Infant CPR vs Child CPR
Candidates frequently ask the question of what the difference between infant CPR and child CPR is. It is important to have a definition of a what a infant is in the world of CPR. Infants are under the age of 1. Infants are more fragile, the bones are not as developed and are significantly smaller than most children. Because of the previously mentioned difference CPR for infants is different. This page will describe the 6 major differences between infant CPR and child CPR. The material posted on this page is for information purposes only and if you would like to learn infant or child CPR, take a CPR course with a credible provider.
The 6 Major Differences in CPR between a Adult / Child and a Infant:
- Rescuers must ask for permission before approaching and helping a infant. This may hold true for children in most parts of Canada, however, Candidates MUST ask for permission prior to helping a infant. If no parents or caregivers are present to give consent then the rescuer may continue as consent is implied.
- When checking for responsiveness candidates should tickle or “wiggle” the feet of a infant instead of tapping the shoulders. This is a more effective way of checking for responsiveness for a infant.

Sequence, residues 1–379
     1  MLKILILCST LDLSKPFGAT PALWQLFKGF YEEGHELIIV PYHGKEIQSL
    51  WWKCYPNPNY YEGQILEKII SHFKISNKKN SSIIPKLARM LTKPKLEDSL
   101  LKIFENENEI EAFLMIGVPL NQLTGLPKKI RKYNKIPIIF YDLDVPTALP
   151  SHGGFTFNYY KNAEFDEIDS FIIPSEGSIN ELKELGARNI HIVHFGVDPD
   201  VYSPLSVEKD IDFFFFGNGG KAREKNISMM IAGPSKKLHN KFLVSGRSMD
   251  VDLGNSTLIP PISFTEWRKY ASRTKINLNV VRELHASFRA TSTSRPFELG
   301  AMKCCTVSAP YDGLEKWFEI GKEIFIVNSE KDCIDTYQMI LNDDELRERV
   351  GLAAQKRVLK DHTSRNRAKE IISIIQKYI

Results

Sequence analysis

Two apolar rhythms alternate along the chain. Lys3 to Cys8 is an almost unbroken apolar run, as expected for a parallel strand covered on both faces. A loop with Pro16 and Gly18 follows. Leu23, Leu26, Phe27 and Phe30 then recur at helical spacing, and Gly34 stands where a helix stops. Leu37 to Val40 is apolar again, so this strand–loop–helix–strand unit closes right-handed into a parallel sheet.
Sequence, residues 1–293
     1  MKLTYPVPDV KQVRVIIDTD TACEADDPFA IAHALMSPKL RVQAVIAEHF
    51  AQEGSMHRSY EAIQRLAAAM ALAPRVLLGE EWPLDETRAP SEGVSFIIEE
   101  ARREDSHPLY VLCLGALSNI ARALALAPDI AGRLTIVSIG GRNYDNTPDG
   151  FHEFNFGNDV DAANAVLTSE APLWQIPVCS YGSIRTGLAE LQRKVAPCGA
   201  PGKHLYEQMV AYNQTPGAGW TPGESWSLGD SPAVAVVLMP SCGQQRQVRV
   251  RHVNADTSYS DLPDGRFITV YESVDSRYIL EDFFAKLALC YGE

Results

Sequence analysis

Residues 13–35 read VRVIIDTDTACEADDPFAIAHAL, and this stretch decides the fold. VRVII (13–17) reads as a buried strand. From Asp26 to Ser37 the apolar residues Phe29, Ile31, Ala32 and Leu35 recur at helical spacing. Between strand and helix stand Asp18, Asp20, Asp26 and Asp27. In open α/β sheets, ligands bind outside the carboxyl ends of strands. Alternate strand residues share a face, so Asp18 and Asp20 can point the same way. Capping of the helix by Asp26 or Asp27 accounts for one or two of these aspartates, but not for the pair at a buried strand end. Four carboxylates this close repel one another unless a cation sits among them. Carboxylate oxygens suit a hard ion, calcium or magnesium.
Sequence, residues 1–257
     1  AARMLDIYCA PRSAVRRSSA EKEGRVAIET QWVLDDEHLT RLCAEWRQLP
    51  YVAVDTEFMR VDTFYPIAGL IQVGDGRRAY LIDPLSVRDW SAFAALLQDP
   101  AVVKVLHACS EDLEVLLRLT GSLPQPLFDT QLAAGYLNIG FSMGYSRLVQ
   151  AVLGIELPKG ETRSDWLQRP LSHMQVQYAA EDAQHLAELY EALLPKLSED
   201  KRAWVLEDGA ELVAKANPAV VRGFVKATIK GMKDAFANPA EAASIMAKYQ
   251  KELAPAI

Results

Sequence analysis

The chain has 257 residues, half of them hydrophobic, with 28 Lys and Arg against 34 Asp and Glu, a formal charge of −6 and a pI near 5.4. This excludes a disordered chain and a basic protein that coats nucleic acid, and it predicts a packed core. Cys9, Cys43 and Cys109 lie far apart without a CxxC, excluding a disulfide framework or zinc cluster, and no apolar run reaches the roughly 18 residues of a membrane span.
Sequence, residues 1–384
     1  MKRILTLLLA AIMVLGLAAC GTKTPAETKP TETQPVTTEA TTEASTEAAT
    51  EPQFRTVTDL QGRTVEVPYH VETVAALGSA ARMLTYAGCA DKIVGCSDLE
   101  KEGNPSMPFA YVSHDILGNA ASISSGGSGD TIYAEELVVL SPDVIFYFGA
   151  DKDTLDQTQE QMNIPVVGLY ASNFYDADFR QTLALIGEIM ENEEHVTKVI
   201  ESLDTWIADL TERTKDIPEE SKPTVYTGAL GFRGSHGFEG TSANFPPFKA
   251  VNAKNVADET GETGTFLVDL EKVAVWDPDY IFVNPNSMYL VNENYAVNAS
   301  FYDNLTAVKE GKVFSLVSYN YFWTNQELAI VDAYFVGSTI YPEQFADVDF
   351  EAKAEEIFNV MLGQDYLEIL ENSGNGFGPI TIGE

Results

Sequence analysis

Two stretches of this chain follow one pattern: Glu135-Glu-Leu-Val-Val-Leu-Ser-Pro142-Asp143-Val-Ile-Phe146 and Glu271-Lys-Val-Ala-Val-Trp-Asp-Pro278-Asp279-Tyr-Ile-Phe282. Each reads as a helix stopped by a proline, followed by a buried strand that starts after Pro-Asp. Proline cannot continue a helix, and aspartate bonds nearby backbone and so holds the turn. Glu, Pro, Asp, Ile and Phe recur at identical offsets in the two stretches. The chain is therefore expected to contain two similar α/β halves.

- Candidates may ask for a AED when sending a bystander to contact EMS, however, candidates can only apply pediatric AED pads for a infant. Candidates should not place adult or child AED pads on a infant.
- When opening the airway for a infant, rescuer must be careful not to have the head tilted too little or too much. The airway of a infant can be compared to a straw. If the straw is pulled to far back or too close together air will have a difficult time passing through. This can also be applied to how the airway of a infant works. Candidates need to place the airway of a infant into the “sniffing position” which is the position in which the infants chin and nose are parallel to the ground.
- When ventilating (giving breaths), candidates need to be careful to give only a small amount of air or a “puff” of air. When candidates ask how much air to give a infant the general answer is: enough to blow out a single candle in front of your mouth. The infants lungs are significantly smaller and too much air can be detrimental to the health of the infant.
- When applying chest compression’s to a infant candidates need to landmark approximately one inch below the area that is between the nipples. Candidates must also do chest compression’s with two fingers instead of the whole hand. The infants chest is significantly smaller and using a whole hand or two hands for compression will cause significant internal damage to the infant.
These are the 6 major differences between adult / child CPR and infant CPR. For more information or to learn how to do CPR on a infant, adult or child take a workplace approved CPR or first aid course near you.